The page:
Somewhere between Bell's Palsy and death
Friday, January 04, 2008
He talks too much

We’re not even a week into 2k8, and our pal Rudy is at it again:

By Jon Seidel
Post-Tribune staff writer

GARY—Getting into a fight with the wrong person was the leading cause of violent deaths for all of 2007 in Gary, but that was especially true in the latter half of the year.

Since July 1, Gary police have investigated 37 homicides. Of those, 18 were caused by a fight or altercation, according to Lake County Coroner’s statistics.

In all, 29 of the 71 homicides committed in 2007 were categorized the same way.

Mayor Rudy Clay, though, believes the increase in deaths last year was driven by a spike in domestic homicides.

Eleven people were killed after household arguments spilled over into violence last year. Six of those occurred after July 1, anchored by a brutal triple homicide in August.

That’s compared to a total of four domestic homicides in 2006.

“In Gary, Indiana, our homicides are not like, say, Chicago, thugs and drugs and gangs and young people killing each other in the schools,” Clay said. “That’s not the cause of it in Gary.”[Emphasis mine]

Chicago police officials couldn’t be reached for comment in response to Clay’s statements.

However, Chicago is on track to have its lowest homicide toll since 1965, when police reported 395 killings. The city had logged 435 slayings through Dec. 26. In the early part of the decade, police often reported more than 600 a year.

Chicago officials credit the improvement to their tough stance on gangs, guns and drugs.

“Those three ingredients, so to speak, are what we’re focused on,” police spokeswoman Monique Bond told The Associated Press. “That’s really what leads to random violence.”

Clay said he wants to enlist Indiana University Northwest early this year to conduct an in-depth analysis of homicides in 2007 to find out why the rate of violent killings jumped by nearly 40 percent.

“Tell us what’s really going on,” Clay said.

He said he is also hoping a new job resource program at City Hall will help calm some of the anger boiling over in the homes.

“We think if people in the community had more jobs, we think it will bring down the anger among people,” Clay said.

Families of the victims in 2007 tend to agree that anger is overwhelming people in the city. Much of it, they say, is frustration from not being able to find jobs.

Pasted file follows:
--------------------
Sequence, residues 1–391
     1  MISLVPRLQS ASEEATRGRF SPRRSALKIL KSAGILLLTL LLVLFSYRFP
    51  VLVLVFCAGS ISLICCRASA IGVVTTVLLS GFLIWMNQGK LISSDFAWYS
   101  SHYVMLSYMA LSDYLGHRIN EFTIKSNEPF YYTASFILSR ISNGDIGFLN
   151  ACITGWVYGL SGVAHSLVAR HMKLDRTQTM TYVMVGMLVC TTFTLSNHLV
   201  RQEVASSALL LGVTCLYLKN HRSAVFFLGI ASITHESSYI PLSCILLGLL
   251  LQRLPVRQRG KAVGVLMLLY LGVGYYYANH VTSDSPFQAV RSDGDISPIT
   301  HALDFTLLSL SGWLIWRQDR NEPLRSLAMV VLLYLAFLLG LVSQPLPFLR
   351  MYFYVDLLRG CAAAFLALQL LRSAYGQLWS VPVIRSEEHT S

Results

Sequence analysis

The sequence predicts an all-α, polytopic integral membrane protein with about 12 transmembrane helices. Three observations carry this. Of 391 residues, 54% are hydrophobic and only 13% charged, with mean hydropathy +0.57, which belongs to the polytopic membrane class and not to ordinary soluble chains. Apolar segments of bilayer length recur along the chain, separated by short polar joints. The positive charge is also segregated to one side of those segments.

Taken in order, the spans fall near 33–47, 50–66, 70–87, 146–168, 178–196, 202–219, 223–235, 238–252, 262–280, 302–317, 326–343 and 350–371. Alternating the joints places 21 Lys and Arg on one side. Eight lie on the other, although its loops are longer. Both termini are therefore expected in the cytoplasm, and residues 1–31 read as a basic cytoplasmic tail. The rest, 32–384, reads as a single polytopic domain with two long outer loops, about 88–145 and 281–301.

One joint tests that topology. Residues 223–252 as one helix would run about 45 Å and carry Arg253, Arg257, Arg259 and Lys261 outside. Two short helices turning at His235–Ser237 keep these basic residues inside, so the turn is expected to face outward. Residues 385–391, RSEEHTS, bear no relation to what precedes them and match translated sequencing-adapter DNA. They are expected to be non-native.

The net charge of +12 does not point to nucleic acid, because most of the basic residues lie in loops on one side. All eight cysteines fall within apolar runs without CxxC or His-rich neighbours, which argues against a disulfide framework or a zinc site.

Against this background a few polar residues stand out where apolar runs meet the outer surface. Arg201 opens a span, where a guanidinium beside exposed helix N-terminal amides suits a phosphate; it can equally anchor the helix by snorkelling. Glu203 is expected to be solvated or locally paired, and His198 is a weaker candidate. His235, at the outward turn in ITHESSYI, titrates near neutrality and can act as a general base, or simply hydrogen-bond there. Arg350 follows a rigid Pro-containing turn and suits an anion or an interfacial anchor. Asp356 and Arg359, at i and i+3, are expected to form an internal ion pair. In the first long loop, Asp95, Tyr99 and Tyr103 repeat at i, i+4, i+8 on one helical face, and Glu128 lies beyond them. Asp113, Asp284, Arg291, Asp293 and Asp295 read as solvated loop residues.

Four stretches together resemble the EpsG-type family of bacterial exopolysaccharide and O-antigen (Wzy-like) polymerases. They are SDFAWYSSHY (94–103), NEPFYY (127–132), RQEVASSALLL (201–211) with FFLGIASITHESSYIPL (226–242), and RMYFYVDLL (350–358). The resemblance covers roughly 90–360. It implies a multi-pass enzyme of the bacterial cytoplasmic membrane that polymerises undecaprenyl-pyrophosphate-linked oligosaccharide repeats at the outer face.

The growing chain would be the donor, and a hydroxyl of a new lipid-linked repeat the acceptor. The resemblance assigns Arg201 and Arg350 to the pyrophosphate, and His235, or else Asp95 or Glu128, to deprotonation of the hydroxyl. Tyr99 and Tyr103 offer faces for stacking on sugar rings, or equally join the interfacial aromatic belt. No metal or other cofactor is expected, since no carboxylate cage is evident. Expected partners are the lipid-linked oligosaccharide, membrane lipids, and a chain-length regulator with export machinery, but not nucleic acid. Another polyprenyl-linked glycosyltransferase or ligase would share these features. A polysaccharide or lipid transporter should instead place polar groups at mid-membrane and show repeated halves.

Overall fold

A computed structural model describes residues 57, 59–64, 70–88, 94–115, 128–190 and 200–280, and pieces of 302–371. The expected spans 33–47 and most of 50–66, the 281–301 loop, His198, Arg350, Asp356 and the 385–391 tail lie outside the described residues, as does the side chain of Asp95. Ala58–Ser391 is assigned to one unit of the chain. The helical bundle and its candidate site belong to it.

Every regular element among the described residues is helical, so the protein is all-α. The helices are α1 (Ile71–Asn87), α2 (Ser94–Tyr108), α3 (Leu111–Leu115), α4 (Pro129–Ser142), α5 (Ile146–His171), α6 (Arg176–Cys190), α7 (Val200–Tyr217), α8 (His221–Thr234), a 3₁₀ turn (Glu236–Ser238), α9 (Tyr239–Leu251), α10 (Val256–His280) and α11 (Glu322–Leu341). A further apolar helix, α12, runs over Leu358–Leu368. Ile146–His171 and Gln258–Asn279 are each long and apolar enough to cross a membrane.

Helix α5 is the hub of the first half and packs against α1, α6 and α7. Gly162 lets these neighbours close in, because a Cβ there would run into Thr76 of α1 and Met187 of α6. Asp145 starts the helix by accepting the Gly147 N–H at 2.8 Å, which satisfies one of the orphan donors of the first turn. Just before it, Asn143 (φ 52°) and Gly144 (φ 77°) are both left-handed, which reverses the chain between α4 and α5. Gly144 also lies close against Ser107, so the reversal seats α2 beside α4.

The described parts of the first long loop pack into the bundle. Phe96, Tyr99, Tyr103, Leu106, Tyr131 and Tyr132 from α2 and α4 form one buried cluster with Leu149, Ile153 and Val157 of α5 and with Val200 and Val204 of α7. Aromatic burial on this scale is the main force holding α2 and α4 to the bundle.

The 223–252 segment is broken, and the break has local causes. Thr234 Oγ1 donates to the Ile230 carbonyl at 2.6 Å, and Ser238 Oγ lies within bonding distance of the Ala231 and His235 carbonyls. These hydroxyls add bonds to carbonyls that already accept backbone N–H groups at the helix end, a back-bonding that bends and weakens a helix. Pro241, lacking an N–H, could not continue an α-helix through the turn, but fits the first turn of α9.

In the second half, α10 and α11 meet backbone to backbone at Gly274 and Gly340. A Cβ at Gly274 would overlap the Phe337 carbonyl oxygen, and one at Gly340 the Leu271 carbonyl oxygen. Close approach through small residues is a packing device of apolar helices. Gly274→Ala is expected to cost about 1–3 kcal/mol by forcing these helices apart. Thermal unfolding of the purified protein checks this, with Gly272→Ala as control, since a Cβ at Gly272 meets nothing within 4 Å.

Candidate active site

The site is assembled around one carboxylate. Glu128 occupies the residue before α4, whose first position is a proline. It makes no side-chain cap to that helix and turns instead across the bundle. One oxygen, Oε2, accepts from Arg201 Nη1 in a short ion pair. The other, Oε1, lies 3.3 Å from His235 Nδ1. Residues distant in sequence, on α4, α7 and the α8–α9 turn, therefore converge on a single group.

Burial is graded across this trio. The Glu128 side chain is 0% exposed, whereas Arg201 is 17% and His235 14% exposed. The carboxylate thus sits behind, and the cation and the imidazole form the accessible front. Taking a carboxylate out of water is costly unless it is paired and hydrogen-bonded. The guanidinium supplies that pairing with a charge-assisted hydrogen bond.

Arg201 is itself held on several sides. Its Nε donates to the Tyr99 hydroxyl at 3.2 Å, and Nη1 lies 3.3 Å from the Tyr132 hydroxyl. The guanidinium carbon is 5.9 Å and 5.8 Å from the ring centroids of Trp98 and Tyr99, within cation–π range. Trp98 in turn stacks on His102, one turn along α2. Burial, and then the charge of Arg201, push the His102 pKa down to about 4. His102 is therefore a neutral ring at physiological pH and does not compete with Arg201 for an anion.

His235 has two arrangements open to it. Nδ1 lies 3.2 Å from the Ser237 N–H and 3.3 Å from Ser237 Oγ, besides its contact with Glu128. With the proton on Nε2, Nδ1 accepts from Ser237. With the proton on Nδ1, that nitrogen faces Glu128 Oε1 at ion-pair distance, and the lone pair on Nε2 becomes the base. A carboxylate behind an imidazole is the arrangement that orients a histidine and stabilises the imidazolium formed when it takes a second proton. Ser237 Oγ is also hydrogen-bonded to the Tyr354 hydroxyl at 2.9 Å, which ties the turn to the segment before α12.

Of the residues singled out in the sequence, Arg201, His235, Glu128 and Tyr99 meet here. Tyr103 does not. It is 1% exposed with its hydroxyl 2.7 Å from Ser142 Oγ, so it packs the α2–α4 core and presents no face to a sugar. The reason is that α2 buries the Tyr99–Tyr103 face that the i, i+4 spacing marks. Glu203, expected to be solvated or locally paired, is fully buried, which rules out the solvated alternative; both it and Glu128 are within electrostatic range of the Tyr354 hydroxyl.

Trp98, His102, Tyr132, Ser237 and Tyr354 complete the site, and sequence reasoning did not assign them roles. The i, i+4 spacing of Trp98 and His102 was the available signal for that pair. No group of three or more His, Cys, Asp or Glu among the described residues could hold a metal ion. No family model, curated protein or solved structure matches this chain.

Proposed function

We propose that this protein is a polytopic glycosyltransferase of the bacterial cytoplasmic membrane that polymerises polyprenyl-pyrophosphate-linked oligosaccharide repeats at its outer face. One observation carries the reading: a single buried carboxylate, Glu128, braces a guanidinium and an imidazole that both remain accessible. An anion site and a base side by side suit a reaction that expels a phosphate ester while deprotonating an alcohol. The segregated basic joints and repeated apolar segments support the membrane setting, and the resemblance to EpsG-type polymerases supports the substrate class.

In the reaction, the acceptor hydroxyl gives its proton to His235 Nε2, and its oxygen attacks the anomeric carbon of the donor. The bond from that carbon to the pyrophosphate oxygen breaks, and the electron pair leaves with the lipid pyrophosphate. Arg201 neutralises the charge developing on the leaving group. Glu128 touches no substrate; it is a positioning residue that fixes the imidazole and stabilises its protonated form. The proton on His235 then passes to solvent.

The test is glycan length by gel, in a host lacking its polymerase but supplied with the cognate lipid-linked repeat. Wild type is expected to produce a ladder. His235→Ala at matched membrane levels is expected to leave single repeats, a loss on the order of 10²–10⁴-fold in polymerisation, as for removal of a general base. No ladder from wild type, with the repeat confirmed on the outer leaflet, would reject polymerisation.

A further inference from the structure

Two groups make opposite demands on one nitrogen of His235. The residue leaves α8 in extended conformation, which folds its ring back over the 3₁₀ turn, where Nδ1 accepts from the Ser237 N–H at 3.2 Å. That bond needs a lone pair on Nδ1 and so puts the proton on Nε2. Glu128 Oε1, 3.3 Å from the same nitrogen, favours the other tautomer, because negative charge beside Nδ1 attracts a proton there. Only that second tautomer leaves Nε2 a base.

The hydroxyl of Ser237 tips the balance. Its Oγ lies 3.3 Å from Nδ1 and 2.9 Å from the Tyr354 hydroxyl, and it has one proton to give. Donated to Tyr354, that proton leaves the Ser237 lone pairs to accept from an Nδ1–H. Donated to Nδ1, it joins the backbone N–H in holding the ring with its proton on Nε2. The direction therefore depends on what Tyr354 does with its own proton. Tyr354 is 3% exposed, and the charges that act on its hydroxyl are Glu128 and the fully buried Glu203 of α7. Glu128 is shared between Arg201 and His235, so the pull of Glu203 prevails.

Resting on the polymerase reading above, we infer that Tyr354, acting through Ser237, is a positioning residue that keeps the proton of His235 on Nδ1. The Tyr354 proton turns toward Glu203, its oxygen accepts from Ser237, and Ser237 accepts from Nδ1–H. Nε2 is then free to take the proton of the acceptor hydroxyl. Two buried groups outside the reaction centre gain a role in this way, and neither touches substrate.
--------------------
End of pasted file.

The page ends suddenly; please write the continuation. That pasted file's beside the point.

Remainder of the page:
According to the U.S. Census, 54 percent of Gary’s population is in the labor force, as opposed to the national average of 65 percent.

The percentage of families in Gary below the poverty level, according to the Census, is 27 percent, as opposed to the national average of 10 percent.

Marguerite Dyson, whose son Jermaine Dyson was shot and killed in the Aetna area last year, has decided to move away from Gary.

She said there are no employment opportunities for young people, especially those with criminal records who want to start a new life.

“If you have a record you can’t get a decent job,” Dyson said.

Renee Kellom, a relative of homicide victim Shadonna Cheatham, said too many people feel free to kill others in Gary.

Cheatham was shot in the head at her home in the 4400 block of West 24th Avenue on July 26. Dia K. Nelson has been charged with her murder, but remains at large.

“It shouldn’t be so easy to just kill somebody and walk away,” Kellom said.

I guess my first question here is, if Rudy’s so convinced that the murders are domestic in nature, why does he need to spend the money on a study? My next question: What makes him think that these murders, domestic though they may be, aren’t related to “thugs and drugs?” Because really, just how many “non-thugs” are beating and killing people? Not that they don’t, but percentage-wise, what do you think is the spread?

I just can’t get past it that to Mayor Rudy Clay, people dying from domestic violence doesn’t compare with other “serious” crimes.

On another note: Girlie, Soph and I watched “Jesus Camp” on A & E the other night (which, if you haven’t seen it, you should; such a well-done documentary), and did you know that in the Pentecostal religion, its subscribers are encouraged to essentially rape and pillage the land as they see fit (yes, I’m paraphrasing) because they’re going to heaven and won’t need earthly things after they die or some such dogma? Girlie or Soph, feel free to correct me if I’m not remembering that right, but after hearing that I just sat there like, “Well, wait, isn’t that a little short-sighted? Why would you have that attitude if there are future generations of Pentecostals to feed, etc.?” I don’t recall ever hearing another religion endorsing wanton wastefulness like that, either. Just really bizarre. Oh and there was speaking in tongues, which always makes me chortle. 

It is the job of a good person to be honest. To be self-aware. To deliberately explore the fault lines of your character and try desperately to not inflict suffering in this strange, ghost-ridden world of worked and fabricated objects. Sometimes the jobs of writer and good person coincide. But more often they don’t. There are way more writers in the world than there are good people.

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Broad said: Like I said, my feelings are complicated on the matter, so ... I’m interested, however, in Her Highness’ thoughts on… ...[go].

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Tagline by Ben F'in Mollin, talking about those times you wake up still drunk from the night before.


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